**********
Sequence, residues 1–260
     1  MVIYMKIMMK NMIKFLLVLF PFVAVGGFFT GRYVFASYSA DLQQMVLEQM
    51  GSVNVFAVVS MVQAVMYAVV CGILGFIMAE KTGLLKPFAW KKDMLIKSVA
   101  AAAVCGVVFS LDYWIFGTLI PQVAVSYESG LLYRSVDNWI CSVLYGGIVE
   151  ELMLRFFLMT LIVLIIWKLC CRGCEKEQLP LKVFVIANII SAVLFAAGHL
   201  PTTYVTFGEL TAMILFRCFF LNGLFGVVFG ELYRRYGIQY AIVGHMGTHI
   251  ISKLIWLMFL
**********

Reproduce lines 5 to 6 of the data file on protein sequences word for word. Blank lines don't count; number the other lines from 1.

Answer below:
   151  ELMLRFFLMT LIVLIIWKLC CRGCEKEQLP LKVFVIANII SAVLFAAGHL
   201  PTTYVTFGEL TAMILFRCFF LNGLFGVVFG ELYRRYGIQY AIVGHMGTHI